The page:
Recently, Ahern Rentals was seeking more time to restructure in the face of a hostile takeover threat from Gores Platinum Equity. This was an interesting development no matter what, but it’s especially noteworthy because it feels like the other shoe has dropped. For months since United announced its planned acquisition of RSC, the industry has been wondering which of the big nationals would be the next to consolidate. Even if Ahern avoids the Gores takeover, it’s obvious the current climate in the rental industry is creating fertile ground for further consolidation.
Not long ago, Dan Kaplan made a speech to rental professionals about the history of the industry and where he sees it going. One of the points he made is that smaller, independent rental companies — those with sales volume under $5 million — would be largely untouched in the next wave of consolidation, suggesting that a rich market will remain for what independents can bring to the table.
For those of us who can remember the last time the industry went through an intense period of consolidation, one of the downsides was the resulting market-wide drop in rental rates. National chains came into many markets and discounted their prices, making it very difficult for their independent brethren to compete. I like to think this won’t happen again — or at least to the level it did a decade ago — but the key to prevention is, quite simply, discipline.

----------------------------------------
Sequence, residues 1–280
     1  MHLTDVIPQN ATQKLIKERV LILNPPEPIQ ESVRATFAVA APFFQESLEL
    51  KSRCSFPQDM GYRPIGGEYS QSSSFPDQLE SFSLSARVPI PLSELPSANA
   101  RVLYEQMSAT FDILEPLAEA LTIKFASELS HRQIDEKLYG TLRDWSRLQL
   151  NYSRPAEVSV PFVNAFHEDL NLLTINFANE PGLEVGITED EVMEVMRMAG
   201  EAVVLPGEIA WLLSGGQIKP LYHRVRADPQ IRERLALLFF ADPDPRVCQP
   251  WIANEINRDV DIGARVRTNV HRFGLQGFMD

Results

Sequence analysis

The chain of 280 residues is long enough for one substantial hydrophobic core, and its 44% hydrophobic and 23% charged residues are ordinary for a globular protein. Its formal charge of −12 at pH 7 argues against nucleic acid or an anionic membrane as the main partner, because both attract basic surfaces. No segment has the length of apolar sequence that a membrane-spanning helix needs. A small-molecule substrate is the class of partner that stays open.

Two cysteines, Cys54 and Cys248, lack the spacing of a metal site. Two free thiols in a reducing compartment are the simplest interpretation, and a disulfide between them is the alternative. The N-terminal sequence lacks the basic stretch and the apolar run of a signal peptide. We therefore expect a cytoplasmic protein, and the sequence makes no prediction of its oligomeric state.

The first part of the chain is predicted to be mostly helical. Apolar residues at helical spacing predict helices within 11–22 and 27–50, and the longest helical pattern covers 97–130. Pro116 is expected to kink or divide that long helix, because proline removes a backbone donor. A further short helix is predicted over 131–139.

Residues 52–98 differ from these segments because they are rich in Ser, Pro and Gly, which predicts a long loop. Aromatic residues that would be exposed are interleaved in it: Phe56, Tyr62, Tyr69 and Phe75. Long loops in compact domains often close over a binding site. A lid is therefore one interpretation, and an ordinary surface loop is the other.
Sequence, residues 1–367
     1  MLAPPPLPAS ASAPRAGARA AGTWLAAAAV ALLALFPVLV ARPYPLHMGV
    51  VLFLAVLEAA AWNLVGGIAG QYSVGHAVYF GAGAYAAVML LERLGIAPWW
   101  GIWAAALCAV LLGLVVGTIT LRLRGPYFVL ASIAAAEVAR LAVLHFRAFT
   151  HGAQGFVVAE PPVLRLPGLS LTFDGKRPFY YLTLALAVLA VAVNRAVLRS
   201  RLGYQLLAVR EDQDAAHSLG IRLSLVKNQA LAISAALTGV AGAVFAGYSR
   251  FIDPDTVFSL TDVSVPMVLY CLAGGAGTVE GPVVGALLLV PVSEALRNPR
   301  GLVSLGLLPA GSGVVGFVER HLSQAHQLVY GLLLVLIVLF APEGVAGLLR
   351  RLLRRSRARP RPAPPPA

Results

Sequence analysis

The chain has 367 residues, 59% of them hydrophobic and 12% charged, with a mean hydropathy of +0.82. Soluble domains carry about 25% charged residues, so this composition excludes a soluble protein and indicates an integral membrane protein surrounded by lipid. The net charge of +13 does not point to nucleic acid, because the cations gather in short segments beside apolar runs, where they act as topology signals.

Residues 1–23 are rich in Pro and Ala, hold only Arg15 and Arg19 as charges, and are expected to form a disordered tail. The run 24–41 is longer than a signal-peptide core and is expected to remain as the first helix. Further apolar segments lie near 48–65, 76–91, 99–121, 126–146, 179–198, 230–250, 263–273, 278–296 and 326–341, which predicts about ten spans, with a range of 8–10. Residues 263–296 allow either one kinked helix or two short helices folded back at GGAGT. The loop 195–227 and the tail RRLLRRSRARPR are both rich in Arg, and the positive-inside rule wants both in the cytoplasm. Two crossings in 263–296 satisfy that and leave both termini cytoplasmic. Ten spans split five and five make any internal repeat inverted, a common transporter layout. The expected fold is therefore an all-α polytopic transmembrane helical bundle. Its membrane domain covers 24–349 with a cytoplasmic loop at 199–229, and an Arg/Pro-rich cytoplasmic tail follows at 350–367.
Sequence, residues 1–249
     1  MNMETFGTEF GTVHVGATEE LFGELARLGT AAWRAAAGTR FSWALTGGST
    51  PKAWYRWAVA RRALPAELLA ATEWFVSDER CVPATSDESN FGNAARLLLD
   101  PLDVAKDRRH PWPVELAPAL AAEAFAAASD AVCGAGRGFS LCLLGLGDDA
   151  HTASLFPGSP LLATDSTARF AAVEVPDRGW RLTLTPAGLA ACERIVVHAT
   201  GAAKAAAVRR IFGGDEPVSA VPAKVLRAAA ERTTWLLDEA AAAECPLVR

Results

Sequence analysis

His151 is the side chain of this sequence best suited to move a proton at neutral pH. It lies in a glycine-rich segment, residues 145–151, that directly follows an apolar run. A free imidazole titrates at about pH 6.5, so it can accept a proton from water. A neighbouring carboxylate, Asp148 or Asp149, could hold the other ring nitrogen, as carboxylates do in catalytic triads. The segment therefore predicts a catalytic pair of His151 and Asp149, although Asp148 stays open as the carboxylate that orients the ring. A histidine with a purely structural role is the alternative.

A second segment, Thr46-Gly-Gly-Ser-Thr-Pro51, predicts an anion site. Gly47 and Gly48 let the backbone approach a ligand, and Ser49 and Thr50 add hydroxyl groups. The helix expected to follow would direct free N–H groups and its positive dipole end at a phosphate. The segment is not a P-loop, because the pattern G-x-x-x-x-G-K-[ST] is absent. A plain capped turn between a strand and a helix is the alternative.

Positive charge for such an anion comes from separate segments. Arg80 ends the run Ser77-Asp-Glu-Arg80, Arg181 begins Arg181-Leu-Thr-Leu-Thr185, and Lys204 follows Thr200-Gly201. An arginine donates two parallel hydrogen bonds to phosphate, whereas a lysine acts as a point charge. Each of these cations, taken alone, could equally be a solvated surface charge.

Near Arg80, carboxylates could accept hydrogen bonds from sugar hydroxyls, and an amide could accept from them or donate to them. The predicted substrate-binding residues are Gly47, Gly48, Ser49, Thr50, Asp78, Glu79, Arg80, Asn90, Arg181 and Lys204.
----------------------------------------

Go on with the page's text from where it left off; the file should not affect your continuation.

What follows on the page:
Discipline came up a lot during my recent interview with Rick Dahl, owner of Metrolift, an independent aerial house in the Chicago area, which is the focus of our Profiles of Success feature in this issue (page 18). Dahl admits he has competitors who undercut prices in the market, but he knows he can’t respond in kind. To do so makes poor business sense and quite frankly, is damaging to the industry as a whole. Instead, Dahl chooses to promote the added value he can bring to his customers through his commitment to things like on-time delivery and service, immediate response to problems, and conscientiously correct billing, not to mention an emphasis on safety. You can’t put a price on these things, but in the long run, they create value and are what cements the relationship between an end user and his equipment rental source. I hope you enjoy reading about Dahl and Metrolift and can glean some ideas for best practices at your equipment rental business.